The more you know, the better off you are. Take time to dig deep into customer, competitive, and product research. Try conducting focus groups to discuss your product or service, sending out a customer survey, and reading case studies from your industry. Then organize your research and make a plan to build on it every year.

    Management skills

    Were you a manager at your last 9 to 5 job? Or did you manage projects, not people? Either way, management skills are critical when starting a new business. Consider how well you plan, delegate, problem-solve, and lead. Even if you’re now a team of one, you need to manage your own workload well.

    Organization skills

    When you’re starting a new business, there’s a lot to do — and quickly. It’s easy to get buried under the workload if you’re not organized. Now is a good time to bring organizational skills and methods to your new business. For example, I learned to rely on Trello, a project management tool, when I worked at a technology startup. Now I use it to organize projects at my own business.

    Remember how you used to prioritize work, manage your time, and be detail-oriented. These organization skills are more important now than ever before.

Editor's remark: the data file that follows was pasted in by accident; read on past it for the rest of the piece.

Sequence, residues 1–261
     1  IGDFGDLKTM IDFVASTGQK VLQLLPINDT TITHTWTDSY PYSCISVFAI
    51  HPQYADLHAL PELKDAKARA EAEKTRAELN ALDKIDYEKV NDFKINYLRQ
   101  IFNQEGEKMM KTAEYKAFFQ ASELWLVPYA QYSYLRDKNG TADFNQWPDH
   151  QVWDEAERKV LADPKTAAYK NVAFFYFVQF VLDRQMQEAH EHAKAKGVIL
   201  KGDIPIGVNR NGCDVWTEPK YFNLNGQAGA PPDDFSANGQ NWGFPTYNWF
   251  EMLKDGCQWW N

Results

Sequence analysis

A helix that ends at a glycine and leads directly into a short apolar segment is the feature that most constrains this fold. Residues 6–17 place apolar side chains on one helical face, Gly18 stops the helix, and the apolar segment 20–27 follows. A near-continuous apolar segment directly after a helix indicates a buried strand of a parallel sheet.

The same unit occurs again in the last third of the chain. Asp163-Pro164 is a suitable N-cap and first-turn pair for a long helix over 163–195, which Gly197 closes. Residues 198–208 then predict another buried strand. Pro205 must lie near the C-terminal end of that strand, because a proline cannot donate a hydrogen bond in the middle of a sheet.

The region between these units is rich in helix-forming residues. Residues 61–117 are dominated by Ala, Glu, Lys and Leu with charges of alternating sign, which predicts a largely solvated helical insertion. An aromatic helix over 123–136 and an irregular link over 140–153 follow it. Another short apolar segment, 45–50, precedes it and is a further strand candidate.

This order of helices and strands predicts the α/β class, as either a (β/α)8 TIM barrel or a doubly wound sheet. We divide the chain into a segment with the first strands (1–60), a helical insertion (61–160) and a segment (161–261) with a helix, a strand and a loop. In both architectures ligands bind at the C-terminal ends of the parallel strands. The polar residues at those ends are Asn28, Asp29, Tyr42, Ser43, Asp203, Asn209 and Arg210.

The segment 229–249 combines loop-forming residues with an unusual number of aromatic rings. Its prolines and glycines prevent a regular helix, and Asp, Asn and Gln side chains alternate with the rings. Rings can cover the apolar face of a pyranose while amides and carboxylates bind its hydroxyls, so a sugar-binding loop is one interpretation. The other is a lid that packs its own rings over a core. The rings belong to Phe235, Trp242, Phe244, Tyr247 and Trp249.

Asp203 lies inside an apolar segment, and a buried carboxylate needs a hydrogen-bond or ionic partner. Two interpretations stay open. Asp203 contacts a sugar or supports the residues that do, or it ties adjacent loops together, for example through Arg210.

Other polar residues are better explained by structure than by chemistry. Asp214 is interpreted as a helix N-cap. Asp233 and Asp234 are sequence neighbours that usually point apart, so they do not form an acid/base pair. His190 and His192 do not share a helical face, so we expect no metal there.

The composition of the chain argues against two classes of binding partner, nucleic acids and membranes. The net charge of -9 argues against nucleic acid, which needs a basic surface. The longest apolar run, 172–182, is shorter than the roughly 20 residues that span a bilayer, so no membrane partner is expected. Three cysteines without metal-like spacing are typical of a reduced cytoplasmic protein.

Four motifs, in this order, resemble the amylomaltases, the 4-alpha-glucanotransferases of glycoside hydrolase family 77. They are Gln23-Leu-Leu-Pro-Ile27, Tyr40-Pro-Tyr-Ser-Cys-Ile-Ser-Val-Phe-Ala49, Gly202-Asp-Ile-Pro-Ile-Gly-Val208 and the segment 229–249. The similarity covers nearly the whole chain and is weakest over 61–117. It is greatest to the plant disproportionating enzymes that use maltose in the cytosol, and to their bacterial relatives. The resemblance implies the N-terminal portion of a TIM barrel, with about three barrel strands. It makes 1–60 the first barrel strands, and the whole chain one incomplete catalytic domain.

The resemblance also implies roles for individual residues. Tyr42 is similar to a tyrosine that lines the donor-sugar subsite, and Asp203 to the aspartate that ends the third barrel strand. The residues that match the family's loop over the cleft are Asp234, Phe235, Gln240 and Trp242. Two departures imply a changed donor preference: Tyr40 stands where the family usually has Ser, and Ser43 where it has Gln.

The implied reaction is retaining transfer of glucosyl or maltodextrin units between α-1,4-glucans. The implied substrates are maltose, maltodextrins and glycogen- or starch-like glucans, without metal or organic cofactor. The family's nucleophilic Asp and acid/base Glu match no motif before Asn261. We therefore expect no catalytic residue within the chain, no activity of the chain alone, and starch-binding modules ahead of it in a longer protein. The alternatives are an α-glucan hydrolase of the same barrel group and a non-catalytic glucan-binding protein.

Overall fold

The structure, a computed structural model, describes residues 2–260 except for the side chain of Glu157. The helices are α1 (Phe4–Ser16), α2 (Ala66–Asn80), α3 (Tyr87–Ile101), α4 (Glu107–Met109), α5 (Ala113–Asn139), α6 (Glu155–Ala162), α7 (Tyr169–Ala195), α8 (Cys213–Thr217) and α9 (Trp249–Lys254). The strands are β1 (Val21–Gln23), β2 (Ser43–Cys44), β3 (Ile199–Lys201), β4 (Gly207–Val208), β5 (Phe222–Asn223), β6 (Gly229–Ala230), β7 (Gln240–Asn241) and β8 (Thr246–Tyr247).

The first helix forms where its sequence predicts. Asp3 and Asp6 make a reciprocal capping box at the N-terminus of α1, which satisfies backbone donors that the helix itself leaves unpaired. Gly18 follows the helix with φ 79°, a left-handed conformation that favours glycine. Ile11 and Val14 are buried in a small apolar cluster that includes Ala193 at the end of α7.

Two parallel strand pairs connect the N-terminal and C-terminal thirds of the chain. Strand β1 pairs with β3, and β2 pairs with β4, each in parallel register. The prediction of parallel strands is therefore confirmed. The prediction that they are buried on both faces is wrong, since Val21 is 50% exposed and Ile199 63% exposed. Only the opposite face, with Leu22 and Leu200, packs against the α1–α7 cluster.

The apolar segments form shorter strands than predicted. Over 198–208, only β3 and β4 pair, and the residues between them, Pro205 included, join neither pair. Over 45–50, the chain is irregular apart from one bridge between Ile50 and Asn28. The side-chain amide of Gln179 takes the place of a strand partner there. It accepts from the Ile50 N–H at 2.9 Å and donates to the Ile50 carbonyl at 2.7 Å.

Business strategy skills

    If you’re starting a business, you need to hone in your business strategy. Think about the business model at your 9 to 5 job. What worked? What didn’t? What did you learn from that experience?

    Next, define your industry’s problem, and your company’s solution and value proposition. Consider conducting a SWOT analysis — defining your product’s strengths, weaknesses, and opportunities, and threats. Finally, follow best practices in securing revenue, tracking expenses, and forecasting profit.

    At my company, I’m the VP of Finance, Marketing, Sales, and Product. That’s right, I’m a one-woman show. That’s why I’m so thankful for the business skills I developed at previous jobs. They’ve helped me not only survive, but thrive.

    Technology skills

    Okay, so I cheated a little on this one. I’m married to someone who works in IT. If I need technical support, all I have to do is nudge my in-house IT professional (he’s the best around).